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PRESERVING THE ITEMS THAT WITNESSED HISTORY

Serbian Radical Party SRS Volunteer Unit

Serbian Radical Party SRS Volunteer Unit

The beginning of disintegration of Yugoslavia also meant an expansion of nationalist ideas in all SFRY republics. Hence, a far-right Serbian Radical Party emerged in Serbia with its leader Vojislav Šešelj.

 

In early 1990s, Vojislav Šešelj stood out first as the president of the Serbian Liberation Movement, a marginal political organisation advocating the idea that all Serbs should live in one state. This organisation was very anti-communist and aimed to restore national, spiritual, cultural, economic and political unity of Serbs, for full mutual understanding and solidarity of Serbs believers and Serbs atheists, for brotherly harmony of Orthodox Serbs, Muslim Serbs, Catholic Serbs and Protestant Serbs.

 

Although small, this organisation did not last long. In March 1990, many members defected to the Serbian Renewal Movement (SPO), founded jointly by Vuk Drašković and Vojislav Šešelj. A few months after setting up the SPO, in June 1990, the party divided because of internal conflicts. One fraction, led by Vojislav Šešelj, founded a new organisation – Serbian Chetnik Movement. Their programme clearly specifies the lands that should be included in the territory of Greater Serbia: the whole territory of today’s Serbia and Kosovo with western border along the line Karlovac-Karlobag-Ogulin-Virovitica. 

 

The first conflicts on the territory of Eastern Slavonia, specifically in Borovo Selo, occurred in May 1991. Serbian Radical Party’s volunteers participated in this conflict. They came to the battlefield in Slavonia after being recruited through local committees in Serbia, Croatia and Bosnia. They came to the Slavonia battlefield with silent consent of the authorities of the Republic of Serbia. They were called “chetniks” or “Šešelj’s men”. In the majority of cases, they were part of the existing Territorial Defence structures.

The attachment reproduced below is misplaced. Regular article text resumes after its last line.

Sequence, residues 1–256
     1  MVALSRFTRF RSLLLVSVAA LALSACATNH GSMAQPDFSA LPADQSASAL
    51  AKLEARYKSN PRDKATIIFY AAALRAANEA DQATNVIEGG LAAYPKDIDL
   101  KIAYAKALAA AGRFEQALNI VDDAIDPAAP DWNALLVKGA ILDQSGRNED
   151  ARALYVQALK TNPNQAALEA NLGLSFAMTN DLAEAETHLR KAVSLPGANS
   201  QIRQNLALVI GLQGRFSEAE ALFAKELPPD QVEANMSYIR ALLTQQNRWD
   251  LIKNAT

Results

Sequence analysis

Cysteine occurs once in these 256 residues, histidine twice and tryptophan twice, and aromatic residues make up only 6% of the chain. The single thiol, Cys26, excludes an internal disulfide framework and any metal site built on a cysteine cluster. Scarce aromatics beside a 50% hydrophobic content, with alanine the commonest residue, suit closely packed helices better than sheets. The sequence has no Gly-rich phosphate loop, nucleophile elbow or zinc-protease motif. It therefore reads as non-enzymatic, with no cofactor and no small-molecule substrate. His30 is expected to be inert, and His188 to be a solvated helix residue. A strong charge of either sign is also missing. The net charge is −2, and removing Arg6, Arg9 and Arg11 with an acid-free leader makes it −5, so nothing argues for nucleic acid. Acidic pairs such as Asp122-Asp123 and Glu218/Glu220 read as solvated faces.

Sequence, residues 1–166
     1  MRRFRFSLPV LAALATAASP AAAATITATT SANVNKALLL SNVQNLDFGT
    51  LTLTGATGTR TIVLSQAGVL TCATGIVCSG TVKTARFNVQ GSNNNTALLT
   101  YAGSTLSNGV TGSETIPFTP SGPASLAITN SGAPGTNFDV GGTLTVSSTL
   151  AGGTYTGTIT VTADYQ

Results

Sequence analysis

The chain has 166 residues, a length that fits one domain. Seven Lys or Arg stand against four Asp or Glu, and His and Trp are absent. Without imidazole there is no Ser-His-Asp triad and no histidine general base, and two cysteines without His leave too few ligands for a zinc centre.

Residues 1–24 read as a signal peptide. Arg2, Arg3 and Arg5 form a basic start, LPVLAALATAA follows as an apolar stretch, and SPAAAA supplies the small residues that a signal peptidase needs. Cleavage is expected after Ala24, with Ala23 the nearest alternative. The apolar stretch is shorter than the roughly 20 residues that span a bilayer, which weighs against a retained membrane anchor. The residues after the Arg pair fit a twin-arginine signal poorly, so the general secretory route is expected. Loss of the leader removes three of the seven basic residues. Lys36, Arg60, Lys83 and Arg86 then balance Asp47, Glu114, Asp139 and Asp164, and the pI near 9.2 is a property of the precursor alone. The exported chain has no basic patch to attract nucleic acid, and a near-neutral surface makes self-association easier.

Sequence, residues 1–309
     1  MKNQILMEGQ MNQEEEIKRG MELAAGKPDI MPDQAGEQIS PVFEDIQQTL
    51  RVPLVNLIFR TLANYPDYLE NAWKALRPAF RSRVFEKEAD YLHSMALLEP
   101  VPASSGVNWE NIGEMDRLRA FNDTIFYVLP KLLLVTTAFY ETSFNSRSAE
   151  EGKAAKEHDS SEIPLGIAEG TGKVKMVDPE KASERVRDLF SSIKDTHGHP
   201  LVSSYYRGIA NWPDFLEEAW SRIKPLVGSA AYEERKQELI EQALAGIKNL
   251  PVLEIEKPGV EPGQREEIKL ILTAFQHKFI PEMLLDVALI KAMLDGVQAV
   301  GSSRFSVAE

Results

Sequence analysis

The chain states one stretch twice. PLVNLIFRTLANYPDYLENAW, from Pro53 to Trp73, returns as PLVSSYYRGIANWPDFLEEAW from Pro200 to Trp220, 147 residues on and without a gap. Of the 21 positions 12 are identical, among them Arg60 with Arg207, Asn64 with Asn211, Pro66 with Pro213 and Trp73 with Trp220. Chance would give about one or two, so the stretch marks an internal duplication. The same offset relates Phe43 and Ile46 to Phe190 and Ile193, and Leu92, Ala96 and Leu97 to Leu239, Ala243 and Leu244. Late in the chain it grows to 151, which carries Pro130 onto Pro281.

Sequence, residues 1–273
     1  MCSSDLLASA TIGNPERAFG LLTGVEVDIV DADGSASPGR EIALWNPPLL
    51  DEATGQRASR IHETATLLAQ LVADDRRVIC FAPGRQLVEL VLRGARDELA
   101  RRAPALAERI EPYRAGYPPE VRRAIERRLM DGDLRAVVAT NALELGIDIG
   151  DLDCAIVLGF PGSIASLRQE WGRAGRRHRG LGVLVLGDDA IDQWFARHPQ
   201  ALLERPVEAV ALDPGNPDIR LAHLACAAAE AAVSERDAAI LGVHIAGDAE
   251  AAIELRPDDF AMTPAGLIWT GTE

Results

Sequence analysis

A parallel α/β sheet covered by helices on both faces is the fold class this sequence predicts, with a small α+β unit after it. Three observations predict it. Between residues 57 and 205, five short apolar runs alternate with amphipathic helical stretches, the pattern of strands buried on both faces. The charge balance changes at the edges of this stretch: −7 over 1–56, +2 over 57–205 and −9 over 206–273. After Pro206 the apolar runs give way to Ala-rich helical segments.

In the statements he was giving to local and foreign media, Vojislav Šešelj was saying that SRS volunteers acted completely independently. However, he would occasionally make statements which indicated that he had direct links with the volunteers as he was visiting these units at the battlefield. On the other hand, Ljubiša Petković, head of the War Headquarters, had very close relations with Ljubomir Domazetović, at that time head of the Third Administration of the General Staff of the SFRY Armed Forces. Also, the SRS Crisis Headquarters had close links with the Commander of the JNA Novi Sad Corps Andrija Biorčević.

 

 

SRS volunteers received their training at the military barracks in Bubanj Potok, the “4 th July” military barracks (Voždovac) and the “Marshal Tito” military barracks (Topčider), as well as at the Training Centre in Prigrevica (near Apatin). The training was managed by Jovo Ostojić, close associate of Vojislav Šešelj and member of the Serbian Radical Party. At the military barracks in Bubanj Potok, volunteers were given uniforms, weapons and ammunition. Although SRS volunteers were integrated into the units of the local Serbian Territorial Defence and were under JNA command, as demonstrated in the documentation relating to the operations in Croatia and Bosnia and Herzegovina, statements made by SRS volunteers show that the SRS War Headquarters were issuing orders to them in some cases and exchanging operational information about participation in the battlefield. Besides Borovo Selo, members of these units in Croatia were involved in the battles in Tenja, Silaš, Voćin, Vukovar. In Vukovar, they operated within and under command of two local Serbian Territorial Defence units – Petrova Gora and Leva Supoderica, which were subordinated to the JNA until November 21 1991.

 

In 1991, on the territory of Bosnia and Herzegovina, the JNA was involved in the take-over of municipalities with Serb majority. SRS volunteers from Serbia, as well as local SRS members, together with other paramilitary units from Serbia, participated in the take-over of Zvornik, Bijeljina, Bosanski Šamac and Brčko.


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